Collaborations


In addition to their common research interests, many faculty have substantial evidence for collaborative interactions. Collectively the Program faculty have joint publications, joint grants, and have been involved in joint sponsorship of student research. We highlight the following collaborative efforts of the faculty: Drs. Hamilton and Wong are currently co-advising a predoctoral student  (Tua Pham). Drs. Genco and Gibson have support (R01 HL080387) to study the role of TLRs in atherosclerosis, and together with Drs. Wetzler, Ingalls, Freedman, Hamilton, Weinberg, and Walsh have a funded program project on pathogen induced innate immunity and chronic inflammation (PO1 AI078894). Drs. Gibson and Genco have support (R01 DE01831) to study infection-elicited oral bone loss and TLR2 ontogeny. Drs. Wetzler and Massari have grant support (R01 AI40944) to study microbial vaccine adjuvants. Dr. Ganley-Leal and Wetzler have worked together to study B cell specific mechanism of adjuvants with joint publications. Drs. Galagan and Kramnik having ongoing collaborations as do Drs. Henderson and Steffan. Drs. Hamilton, Freedman, Genco, and Walsh work together on a program project (Joseph Vita PI, P01 HL083801) to study vascular consequences of insulin resistance and obesity. Drs. Rifkin and Viglianti are funded on a program project (PO1 AR050256) to define innate immune mechanisms in autoimmune diseases. Drs. Genco, Gibson, and Van Dyke have worked on a previous program project grant to examine systemic inflammatory complications of periodontal diseases. Collaborative studies are also ongoing in the Lafyatis and Trojanoswka laboratories with a focus on autoimmunity.  Drs. Genco, Gibson, Wetzler, and Weinberg have NIH support (R01DE01949) to study microbial induced inflammation and bone loss. Drs. Ganley-Leal, McDonnell, and Van Dyke have pending support to study inflammatory bowel disease, periodontal disease, and diabetes. Drs. Shinchiro Kurosawa and Deborah Sterns-Kurosawa have support (AI75386; AI58107) and collaborations with Dr. Wetzler to study novel vaccine adjuavants. Drs. Genco Ingalls, and Massari were recently funded as part of a STD center (U19AI084048) to study intracellular signaling receptors utilized for N. gonorrhoeae induced proinflammatory responses. Drs. Ellner and Jones have worked together for a number of years on jointly funded projects to examine M. tuberculosis in Uganda and Brazil. Dr. Genco and Dr. Ünlü  currently have an existing collaboration on a NIAID funded RO1.Dr. Ünlü   collaborates with Dr. John Connor (Microbiology), and Dr. Frederic Little (Medicine-Pulmonary), on protein and virus detection for infectious diseases, development of allergy diagnostics, and transcription factor DNA assays.  It is anticipated that additional collaborations will continue to arise as part of this training grant.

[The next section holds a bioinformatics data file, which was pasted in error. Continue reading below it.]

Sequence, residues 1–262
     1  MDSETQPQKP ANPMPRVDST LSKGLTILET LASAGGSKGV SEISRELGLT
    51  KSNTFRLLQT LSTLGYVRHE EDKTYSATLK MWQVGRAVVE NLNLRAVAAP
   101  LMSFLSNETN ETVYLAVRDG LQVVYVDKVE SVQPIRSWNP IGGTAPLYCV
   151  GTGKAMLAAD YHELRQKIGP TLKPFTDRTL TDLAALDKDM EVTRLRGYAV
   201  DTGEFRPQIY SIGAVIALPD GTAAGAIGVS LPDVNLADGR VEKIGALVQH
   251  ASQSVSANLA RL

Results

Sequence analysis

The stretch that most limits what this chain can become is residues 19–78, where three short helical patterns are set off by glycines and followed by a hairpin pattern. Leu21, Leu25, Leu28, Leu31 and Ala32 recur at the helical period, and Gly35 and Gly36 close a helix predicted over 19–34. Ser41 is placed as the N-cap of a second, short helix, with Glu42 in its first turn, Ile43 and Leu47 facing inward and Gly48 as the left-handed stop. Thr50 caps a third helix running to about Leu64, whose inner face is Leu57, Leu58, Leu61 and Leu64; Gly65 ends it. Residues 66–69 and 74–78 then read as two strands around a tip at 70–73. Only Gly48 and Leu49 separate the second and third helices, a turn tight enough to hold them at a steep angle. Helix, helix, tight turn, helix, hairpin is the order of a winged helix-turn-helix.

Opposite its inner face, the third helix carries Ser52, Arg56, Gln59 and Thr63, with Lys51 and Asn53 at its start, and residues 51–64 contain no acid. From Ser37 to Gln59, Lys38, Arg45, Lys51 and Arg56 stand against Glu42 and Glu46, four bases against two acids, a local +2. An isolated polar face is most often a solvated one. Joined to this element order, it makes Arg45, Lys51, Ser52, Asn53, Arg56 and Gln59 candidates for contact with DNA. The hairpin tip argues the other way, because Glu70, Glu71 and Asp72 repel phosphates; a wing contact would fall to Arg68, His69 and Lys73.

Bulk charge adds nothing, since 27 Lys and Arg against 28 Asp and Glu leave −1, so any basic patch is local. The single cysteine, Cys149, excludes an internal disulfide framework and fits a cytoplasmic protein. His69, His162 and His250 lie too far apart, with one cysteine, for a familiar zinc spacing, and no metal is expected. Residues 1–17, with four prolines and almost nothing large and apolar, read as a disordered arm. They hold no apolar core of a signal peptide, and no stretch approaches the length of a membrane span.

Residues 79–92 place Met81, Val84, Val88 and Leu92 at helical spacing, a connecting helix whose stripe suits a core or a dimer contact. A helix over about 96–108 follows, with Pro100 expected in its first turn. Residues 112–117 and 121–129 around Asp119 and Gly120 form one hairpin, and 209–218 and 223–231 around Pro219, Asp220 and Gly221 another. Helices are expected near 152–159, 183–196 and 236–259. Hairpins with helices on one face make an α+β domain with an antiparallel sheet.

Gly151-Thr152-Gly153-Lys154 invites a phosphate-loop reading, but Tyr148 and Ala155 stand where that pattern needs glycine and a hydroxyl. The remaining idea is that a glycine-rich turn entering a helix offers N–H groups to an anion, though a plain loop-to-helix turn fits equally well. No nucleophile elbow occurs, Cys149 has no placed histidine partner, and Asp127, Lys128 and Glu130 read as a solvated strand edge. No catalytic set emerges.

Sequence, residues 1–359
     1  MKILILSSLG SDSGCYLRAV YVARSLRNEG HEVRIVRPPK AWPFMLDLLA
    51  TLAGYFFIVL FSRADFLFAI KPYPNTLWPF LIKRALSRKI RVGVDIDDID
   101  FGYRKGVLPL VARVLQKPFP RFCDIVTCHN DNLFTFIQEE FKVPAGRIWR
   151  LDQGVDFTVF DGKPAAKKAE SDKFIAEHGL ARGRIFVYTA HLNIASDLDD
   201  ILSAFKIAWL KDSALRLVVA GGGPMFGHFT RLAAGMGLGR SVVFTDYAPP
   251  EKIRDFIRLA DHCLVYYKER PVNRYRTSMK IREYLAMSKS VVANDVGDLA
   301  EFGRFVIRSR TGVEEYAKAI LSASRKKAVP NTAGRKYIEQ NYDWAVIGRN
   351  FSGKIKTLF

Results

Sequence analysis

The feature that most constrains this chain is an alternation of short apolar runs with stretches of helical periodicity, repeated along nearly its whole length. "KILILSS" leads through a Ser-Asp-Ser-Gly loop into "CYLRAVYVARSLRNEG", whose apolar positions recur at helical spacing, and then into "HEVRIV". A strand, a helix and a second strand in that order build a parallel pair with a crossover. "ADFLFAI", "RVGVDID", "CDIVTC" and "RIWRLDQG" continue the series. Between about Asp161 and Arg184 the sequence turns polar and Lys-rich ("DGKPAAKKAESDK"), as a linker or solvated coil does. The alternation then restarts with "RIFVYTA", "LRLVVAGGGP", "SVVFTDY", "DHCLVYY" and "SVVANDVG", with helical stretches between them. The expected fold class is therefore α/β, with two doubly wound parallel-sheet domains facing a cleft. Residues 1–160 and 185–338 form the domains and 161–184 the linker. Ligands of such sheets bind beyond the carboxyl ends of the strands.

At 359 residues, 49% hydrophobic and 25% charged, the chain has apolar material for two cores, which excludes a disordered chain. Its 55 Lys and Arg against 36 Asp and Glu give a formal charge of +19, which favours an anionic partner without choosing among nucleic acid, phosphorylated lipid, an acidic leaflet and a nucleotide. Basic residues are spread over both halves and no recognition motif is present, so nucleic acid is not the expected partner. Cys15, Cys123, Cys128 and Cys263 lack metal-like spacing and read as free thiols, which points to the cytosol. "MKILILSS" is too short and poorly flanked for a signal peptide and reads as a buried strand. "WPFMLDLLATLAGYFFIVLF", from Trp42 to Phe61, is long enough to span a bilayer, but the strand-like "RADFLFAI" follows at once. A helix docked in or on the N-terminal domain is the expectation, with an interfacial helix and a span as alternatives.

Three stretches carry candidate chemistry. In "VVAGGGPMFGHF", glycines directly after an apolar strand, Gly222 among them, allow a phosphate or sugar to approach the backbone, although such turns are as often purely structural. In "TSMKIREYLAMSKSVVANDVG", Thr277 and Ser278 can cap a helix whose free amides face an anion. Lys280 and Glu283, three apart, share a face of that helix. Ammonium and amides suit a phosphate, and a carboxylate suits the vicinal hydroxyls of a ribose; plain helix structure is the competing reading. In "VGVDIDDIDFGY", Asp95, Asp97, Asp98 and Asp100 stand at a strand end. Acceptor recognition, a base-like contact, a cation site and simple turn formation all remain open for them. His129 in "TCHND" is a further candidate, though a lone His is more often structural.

To integrate training among mentors and trainees, foster cohesiveness, and  create mechanisms for connections between Departments and Schools the following will be implemented: 1) Monthly Grand Round Seminars where training faculty present their research to the entire training faculty and students that will be held at alternating campuses; 2) Bi monthly “jam” sessions for trainees and mentors in which defined research projects are discussed with an emphasis on approaches utilized by multiple scientific disciplines which we anticipate will lead to cross-fertilized research projects; 3) Weekly program specific seminar series held at alternating campuses; 4) Participation in new interdisciplinary courses including Inflammatory Disease and Therapeutics, Pathology Driven by Inflammation, and Biological Core Technologies, all co-taught by members of the training faculty; 5) Co-mentoring with faculty across campuses; and 6) Social Functions-First Fridays in which trainees and mentors meet on an informal basis of social and scientific exchange.

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January 25, 2011
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of BU School of Medicine